Though her character in Riffraff ends up in prison, Harlow was far from a tramp now. She and Tracy clicked perfectly shouting insults at each other in the film's comic first half. Then, when things grew more serious, she matched his gritty realism with a subtly de-glamorized portrait of working-class angst.

It would be nice to say that Riffraff was a smash hit that cemented Harlow's new image, but that would have to wait until her next film, Wife Vs. Secretary. Riffraff did respectable business, but audiences were confused by Harlow's new look. The critics admired her attempt at something new, and were particularly complimentary about the picture's working-class atmosphere, but some wanted the old Harlow back. Writing in The New York Times, Frank Nugent said, "It hardly seems fair to subject one of the screen's best comediennes to the rigors of mother love and a husband with an acute social consciousness. With so many Kay Francises around, Metro really should be able to stake off one small section of ground and post it with placards reading, 'Miss Harlow's Plot: No Children Wanted.'"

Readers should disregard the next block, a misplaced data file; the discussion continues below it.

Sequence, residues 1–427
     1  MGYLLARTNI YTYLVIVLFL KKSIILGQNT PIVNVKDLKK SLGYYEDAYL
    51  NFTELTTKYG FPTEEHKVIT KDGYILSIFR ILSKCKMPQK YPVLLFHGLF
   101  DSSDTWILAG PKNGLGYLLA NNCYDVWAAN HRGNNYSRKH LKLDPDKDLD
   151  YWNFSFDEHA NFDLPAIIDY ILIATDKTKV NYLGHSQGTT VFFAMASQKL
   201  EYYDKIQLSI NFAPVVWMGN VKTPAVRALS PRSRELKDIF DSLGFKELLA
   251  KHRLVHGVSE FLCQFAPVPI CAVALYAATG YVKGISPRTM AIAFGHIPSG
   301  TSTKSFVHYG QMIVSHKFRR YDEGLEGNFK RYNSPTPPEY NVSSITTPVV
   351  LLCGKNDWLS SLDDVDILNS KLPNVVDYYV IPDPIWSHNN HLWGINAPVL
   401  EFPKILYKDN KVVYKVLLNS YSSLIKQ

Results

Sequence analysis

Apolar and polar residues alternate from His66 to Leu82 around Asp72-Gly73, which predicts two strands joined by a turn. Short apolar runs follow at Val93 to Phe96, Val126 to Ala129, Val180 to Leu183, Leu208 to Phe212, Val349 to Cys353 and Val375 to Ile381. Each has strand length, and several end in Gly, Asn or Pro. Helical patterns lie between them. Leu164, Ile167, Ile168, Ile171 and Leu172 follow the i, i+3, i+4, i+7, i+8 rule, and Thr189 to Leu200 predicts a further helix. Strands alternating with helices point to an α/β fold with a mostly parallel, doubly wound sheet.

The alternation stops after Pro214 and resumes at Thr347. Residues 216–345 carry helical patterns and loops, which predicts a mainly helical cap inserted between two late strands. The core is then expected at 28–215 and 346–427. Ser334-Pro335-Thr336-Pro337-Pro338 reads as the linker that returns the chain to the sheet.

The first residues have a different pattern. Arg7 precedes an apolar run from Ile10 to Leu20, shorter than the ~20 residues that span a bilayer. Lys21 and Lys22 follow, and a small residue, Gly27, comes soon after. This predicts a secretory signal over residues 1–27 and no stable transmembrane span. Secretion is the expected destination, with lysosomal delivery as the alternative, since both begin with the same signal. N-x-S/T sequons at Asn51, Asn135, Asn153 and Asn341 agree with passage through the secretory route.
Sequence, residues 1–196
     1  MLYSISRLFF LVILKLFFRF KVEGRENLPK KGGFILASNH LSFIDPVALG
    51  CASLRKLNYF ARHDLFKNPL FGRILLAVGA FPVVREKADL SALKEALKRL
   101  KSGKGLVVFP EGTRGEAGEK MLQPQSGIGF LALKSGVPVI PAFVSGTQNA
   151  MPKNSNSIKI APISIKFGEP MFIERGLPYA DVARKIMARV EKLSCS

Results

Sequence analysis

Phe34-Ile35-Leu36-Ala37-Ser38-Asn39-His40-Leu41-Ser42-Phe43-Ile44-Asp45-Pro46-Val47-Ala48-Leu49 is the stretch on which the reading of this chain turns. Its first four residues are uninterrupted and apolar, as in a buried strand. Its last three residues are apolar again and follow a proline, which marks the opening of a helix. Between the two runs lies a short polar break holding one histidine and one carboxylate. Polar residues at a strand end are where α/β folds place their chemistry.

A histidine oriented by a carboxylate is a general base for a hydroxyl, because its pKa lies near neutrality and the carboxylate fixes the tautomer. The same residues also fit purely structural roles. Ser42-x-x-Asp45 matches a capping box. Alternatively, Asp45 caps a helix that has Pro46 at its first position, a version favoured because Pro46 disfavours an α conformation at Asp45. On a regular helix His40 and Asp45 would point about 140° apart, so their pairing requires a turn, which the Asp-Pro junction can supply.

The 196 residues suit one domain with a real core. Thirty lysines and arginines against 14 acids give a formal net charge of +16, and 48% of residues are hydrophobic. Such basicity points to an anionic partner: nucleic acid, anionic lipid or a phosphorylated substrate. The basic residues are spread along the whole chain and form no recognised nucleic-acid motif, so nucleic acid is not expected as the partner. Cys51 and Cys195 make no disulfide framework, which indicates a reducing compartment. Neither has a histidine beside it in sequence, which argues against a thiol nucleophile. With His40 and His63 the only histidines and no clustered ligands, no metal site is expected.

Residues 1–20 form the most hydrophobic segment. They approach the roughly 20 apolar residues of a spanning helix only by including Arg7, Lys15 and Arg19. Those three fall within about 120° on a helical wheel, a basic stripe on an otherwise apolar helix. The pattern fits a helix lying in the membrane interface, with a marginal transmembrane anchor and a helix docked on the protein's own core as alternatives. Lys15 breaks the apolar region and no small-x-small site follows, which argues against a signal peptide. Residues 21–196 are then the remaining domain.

Director: J. Walter Ruben
Producer: Irving Thalberg
Screenplay: Frances Marion, H.W. Hanemann, Anita Loos
Based on a story by Marion
Cinematography: Ray June
Art Direction: Cedric Gibbons, Stan Rogers
Music: Edward Ward
Principal Cast: Jean Harlow (Hattie), Spencer Tracy (Dutch Miller), Joseph Calleia (Nick Appopolis), Una Merkel (Lil), Mickey Rooney (Jimmy), Victor Kilian (Flytrap).
BW-94m.

By Frank Miller

Riffraff

Riffraff